root rhel -wi-ao----  13.56g
  swap rhel -wi-ao---- 956.00m

The first step we will create physical volume on top of our partition /dev/sdb1

[root@centos-8 ~]# pvcreate /dev/sdb1
  Physical volume "/dev/sdb1" successfully created.

Second step is to extend our volume group with this physical volume /dev/sdb1

[root@centos-8 ~]# vgextend rhel /dev/sdb1
  Volume group "rhel" successfully extended

Verify the VFree section which now shows that 10G is free from our new physical volume.

[root@centos-8 ~]# vgs
  VG   #PV #LV #SN Attr   VSize  VFree
  rhel   2   2   0 wz--n- 24.49g <10.00g

We will use this additional 10G size to create a new logical volume. Since we wish to move usr directory from root to another partition so we will name this new logical volume as "usr" with a size of 8G and keeping 2G free.

[root@centos-8 ~]# lvcreate -L 8G --name usr rhel
  Logical volume "usr" created.

 

Step 3: Create file system

Now if you have skipped step 2 then you can create your filesystem on /dev/sdb1, and if you have performed step 2 then you must create the file system on your logical volume. For this article I will create ext4 file system.

[root@centos-8 ~]# mkfs.ext4 /dev/mapper/rhel-usr
mke2fs 1.44.3 (10-July-2018)
Creating filesystem with 2097152 4k blocks and 524288 inodes
Filesystem UUID: b6915614-671d-4dd6-8a0f-0807ef80eca1
Superblock backups stored on blocks:
        32768, 98304, 163840, 229376, 294912, 819200, 884736, 1605632

Allocating group tables: done
Writing inode tables: done
Creating journal (16384 blocks): done
Writing superblocks and filesystem accounting information: done

 

Step 4: Completely move directory to another partition

Now we have our partition/logical volume in place, we will attempt to move usr directory from root to another partition.

Create a temporary directory under any location. We will create under /tmp

[root@centos-8 ~]# mkdir /tmp/usr

Next mount your new logical volume on this temporary mount point

[root@centos-8 ~]# mount /dev/mapper/rhel-usr /tmp/usr/

Next copy the content of /usr to our temporary location under /tmp/usr using rsync

[root@centos-8 ~]# rsync -avz /usr/ /tmp/usr/

 

Step 5: Verify the backup of usr partition

There are multiple commands and methods to verify the difference between two directories. You can use basic diff command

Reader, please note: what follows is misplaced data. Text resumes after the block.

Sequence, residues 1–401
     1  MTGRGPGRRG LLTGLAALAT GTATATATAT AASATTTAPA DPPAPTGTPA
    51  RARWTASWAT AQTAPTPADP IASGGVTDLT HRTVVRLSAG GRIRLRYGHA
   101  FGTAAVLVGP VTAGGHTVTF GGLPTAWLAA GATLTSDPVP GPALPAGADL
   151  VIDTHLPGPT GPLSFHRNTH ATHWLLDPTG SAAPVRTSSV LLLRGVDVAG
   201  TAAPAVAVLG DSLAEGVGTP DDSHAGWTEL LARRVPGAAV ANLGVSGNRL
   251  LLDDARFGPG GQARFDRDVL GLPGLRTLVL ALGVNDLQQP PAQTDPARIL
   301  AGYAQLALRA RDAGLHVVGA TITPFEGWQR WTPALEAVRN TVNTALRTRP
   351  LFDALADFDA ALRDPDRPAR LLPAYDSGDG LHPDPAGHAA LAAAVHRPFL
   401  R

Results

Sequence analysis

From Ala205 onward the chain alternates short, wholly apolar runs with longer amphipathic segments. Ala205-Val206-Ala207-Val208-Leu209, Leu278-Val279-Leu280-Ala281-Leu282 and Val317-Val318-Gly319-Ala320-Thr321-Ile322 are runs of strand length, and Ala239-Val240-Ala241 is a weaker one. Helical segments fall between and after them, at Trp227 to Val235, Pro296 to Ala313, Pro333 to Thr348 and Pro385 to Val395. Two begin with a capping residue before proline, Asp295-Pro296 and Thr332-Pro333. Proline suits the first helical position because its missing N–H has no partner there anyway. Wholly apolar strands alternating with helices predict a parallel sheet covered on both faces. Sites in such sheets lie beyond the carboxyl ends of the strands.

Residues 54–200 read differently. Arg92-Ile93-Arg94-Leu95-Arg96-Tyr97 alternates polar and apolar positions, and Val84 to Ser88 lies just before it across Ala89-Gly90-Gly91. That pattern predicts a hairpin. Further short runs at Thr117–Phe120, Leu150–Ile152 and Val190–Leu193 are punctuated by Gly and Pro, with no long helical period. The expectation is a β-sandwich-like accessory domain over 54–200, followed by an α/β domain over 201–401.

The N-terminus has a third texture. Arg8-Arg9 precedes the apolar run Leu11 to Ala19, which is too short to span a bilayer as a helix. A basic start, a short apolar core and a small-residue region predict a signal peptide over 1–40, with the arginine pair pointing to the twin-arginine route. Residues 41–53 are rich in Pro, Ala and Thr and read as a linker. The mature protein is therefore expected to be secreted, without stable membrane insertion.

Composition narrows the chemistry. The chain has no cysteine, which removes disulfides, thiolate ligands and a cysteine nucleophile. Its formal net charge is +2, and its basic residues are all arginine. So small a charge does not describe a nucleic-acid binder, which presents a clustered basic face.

# diff /usr/ /tmp/usr/

Observe the output to make sure all the files from /usr is backed up. You may observe some broken symlinks but that should get fixed once we mount this logical volume on /usr

You can also use du command to check size of individual files in bytes and compare with both locations

# du /usr/
# du /tmp/usrtmp/

If you feel both the locations are identical and contains all the files, move to the next step to move directory to another partition in Linux or Unix.

 

Step 6: Mount logical volume using /etc/fstab

Now since we have taken backup of /usr on our logical volume, it is time to mount this logical volume using /etc/fstab. Since we cannot mount runtime as /usr is a system partition and it mounted on root [/] we won't be able to unmount it.

We will use blkid to get the UUID value of our new logical volume /dev/mapper/rhel-usr

[root@centos-8 ~]# blkid /dev/mapper/rhel-usr
/dev/mapper/rhel-usr: UUID="b6915614-671d-4dd6-8a0f-0807ef80eca1" TYPE="ext4"

Add below content in /etc/fstab

[root@centos-8 ~]# cat /etc/fstab
UUID=b6915614-671d-4dd6-8a0f-0807ef80eca1       /usr    ext4 defaults   0 0
NOTE:

Make sure to inform the UUID accordingly with the blkid output:

 

Step 7: Manage SELinux (Optional)

If SELinux is in Enforcing/Permission state

[root@centos-8 ~]# getenforce
Enforcing

Restore the selinux context:

[root@centos-8 ~]# restorecon -vvFR /usr

If the SELinux is in disabled state then you can ignore this step.

 

Step 8: Update GRUB2

Next we must add the location of new logical volume in GRUB2 configuration file /etc/sysconfig/grub. Add in the format "rd.lvm.lv=rhel/usr" where rhel is the VG name while usr is the logical volume name as shown below:

[root@centos-8 ~]# grep GRUB_CMDLINE_LINUX /etc/sysconfig/grub
GRUB_CMDLINE_LINUX="crashkernel=auto resume=/dev/mapper/rhel-swap rd.lvm.lv=rhel/root rd.lvm.lv=rhel/swap rd.lvm.lv=rhel/usr rhgb quiet"

 

Step 8.1: Rebuild the GRUB2 configuration file

[root@centos-8 ~]# grub2-mkconfig -o /boot/grub2/grub.cfg
Generating grub configuration file ...
done

Backup your initramfs file just in case if required later.

[root@centos-8 ~]# cp /boot/initramfs-$(uname -r).img /boot/initramfs-$(uname -r).img.$(date +%m-%d-%H%M%S).bak

Rebuild your initramfs image

[root@centos-8 ~]# dracut -f

 

Step 9: Verify the configuration and steps

Now we are all done with the steps. Next reboot your node and I hope it comes up properly to check if we are able to move directory to another partition. Fingers crossed.

Well lucky me the node came up properly and when I verify the mounted partitions, I can see /usr is a new partition. So our steps to move usr directory from root to another partition was successful.